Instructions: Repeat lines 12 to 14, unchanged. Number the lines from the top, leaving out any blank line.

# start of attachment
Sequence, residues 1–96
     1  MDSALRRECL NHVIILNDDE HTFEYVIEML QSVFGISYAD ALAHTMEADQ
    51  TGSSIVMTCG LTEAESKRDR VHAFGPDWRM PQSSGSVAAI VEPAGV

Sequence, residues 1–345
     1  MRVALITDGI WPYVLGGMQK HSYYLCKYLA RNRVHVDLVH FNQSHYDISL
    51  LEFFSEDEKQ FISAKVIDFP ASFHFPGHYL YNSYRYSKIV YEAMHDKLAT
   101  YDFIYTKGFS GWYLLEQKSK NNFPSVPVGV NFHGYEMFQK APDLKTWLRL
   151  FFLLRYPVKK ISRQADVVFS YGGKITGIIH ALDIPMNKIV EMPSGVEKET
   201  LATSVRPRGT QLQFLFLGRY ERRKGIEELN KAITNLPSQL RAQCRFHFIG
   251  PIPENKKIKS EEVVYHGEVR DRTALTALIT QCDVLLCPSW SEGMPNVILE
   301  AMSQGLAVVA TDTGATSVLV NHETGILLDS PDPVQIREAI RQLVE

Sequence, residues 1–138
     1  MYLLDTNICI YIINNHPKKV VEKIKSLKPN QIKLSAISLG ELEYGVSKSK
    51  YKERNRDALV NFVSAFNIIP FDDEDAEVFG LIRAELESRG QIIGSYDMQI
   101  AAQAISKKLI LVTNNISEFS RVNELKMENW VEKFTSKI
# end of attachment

Sequence, residues 1–138
     1  MYLLDTNICI YIINNHPKKV VEKIKSLKPN QIKLSAISLG ELEYGVSKSK
    51  YKERNRDALV NFVSAFNIIP FDDEDAEVFG LIRAELESRG QIIGSYDMQI